That being said, the only information we currently have is the restricted voter data and exit polls. Additionally, both demonstrate how Republicans nationwide appear to have made progress with Latinos. In the AP VoteCast data, which was compiled through a combination of mail, online, and phone polls and research, Democrats’ percentage of support among Latinos decreases from 64 to 63 to 56 percent from 2018 to 2020 to 2022, while Republicans’ share rises from 33 to 35 to 40 percent.

In those three cycles, network exit surveys suggest that the Democratic vote share fell from 69 percent in 2018 to 65 percent in 2020 and then to 60 percent in 2022, while the Republican vote share rose from 29 percent in 2018 to 32 percent in 2020 and then to 39 percent in 2022.

These numbers raise the question of whether political orientation is declining or returning to its previous level. These data parallel Latino GOP support in the 1990s, as Carlos Odio of Equis has observed. The solution to this issue won’t be fully understood for many years, if not decades.

The precise national percentages will undoubtedly vary when more ballots are tabulated and the outcomes of House districts and statewide contests, where Latino voters will undoubtedly have an impact, are announced. However, looking at the actual ballots cast is another way to get some quick answers on how Latinos voted at this point. However, this method comes with another warning: Don’t use Florida as a national barometer.

Florida typically captures the attention of the nation on election night because of its East Coast time zone, relatively quick process for reporting out results, and traditional standing as a swing state. It did so in 2020, when Republicans enjoyed a sizable victory in Miami-Dade this year and when Donald Trump’s surprisingly quick triumph in the state corresponded with his success there.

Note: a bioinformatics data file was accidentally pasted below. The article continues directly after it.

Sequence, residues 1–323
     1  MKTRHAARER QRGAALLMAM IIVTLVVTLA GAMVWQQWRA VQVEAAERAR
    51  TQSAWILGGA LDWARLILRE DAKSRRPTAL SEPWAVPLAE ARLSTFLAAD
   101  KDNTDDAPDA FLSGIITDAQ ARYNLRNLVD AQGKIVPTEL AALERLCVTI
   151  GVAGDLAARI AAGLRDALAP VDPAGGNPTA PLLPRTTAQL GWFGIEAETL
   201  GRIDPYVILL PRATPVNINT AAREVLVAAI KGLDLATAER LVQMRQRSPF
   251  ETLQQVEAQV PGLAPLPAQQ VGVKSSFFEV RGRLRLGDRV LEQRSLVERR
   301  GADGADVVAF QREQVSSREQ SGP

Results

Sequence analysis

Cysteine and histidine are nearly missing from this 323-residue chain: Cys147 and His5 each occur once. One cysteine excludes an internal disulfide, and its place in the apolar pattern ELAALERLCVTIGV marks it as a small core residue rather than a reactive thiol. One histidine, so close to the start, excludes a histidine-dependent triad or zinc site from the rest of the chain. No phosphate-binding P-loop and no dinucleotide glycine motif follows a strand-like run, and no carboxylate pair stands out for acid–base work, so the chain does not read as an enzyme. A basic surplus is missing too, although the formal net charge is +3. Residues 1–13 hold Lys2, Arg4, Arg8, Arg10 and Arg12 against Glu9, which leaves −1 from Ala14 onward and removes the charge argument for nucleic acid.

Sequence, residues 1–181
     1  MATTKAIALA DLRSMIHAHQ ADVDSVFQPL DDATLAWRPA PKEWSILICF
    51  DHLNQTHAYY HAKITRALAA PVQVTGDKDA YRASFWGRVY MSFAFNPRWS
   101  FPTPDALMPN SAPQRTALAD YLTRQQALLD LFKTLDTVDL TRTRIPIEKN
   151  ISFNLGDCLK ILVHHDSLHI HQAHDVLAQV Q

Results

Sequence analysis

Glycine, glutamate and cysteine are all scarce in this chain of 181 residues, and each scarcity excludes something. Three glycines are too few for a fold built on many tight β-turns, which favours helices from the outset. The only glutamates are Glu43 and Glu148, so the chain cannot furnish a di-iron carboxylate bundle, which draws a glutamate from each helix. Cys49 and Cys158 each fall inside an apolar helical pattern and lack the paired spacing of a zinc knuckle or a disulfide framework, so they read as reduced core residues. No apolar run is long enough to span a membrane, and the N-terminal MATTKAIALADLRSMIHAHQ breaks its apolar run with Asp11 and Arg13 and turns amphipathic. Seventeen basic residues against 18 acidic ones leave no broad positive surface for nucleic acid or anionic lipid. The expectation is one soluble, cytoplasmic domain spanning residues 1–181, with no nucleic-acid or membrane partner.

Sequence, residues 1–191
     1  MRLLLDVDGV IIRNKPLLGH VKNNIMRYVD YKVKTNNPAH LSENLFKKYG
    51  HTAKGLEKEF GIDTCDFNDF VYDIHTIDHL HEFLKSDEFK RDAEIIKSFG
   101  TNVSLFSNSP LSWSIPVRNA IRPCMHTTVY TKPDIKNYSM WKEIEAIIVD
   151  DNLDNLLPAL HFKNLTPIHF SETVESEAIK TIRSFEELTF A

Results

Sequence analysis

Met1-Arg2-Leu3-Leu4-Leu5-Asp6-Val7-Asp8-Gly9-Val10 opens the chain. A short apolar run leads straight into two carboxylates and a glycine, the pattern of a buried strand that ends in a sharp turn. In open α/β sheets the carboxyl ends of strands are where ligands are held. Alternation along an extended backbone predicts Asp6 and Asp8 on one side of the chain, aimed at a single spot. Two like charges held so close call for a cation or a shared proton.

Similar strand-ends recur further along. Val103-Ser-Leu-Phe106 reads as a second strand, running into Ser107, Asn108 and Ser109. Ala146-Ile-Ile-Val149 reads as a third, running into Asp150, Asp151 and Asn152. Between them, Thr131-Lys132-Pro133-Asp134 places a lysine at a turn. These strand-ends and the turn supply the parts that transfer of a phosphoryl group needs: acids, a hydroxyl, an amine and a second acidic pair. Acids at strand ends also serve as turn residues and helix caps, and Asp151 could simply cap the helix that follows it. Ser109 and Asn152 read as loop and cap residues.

Many commentators attempted to interpret Florida’s results and extrapolate them to the rest of the country, particularly what the state’s outcomes indicated for the distribution of Latino votes statewide. But Florida is a special creature; it is unlike any other state in the nation in terms of its mix of foreigners, immigrants, nationalities, and media ecosystems. Anyone who is knowledgeable about the quirks of Latino voters will realize this.

Amid a midterm year with an unpopular Democratic trifecta in Washington, DC, and the failure of a consistent strategy among national and Florida Democrats trying to regain a foothold in the state — which aren’t necessarily the case in other places — large Republican improvements in the state could be chalked up to a combination of active Republican outreach, consistent conservative and economic messaging, incumbency advantages, higher approval ratings for incumbents, and incumbency advantages.

Democratic gubernatorial candidate Beto O’Rourke appeared to be running about even with Biden’s performance in that year in South Texas, which has aroused concerns about a Republican increase among Latinos in 2020. Democrats won the majority-Latino 28th Congressional District, where conservative Democrat Henry Cuellar outperformed Vice President Joe Biden in the area, and flipped back Flores’ seat, which is located in the predominantly Latino 34th Congressional District.

Meanwhile, Democrats suffered some losses in New Mexico, the state with the highest proportion of voters who identify as Latino. The incumbent Democratic governor, Michelle Lujan Grisham, appeared to be underperforming in comparison to her 2018 election, and her Republican opponent narrowed the deficit a little. Despite this, a Democratic opponent named Gabriel Vasquez won a Republican-held seat in the state’s competitive Second Congressional District, where more than half of voters are Latino and the district’s boundaries were redrawn to benefit Democrats.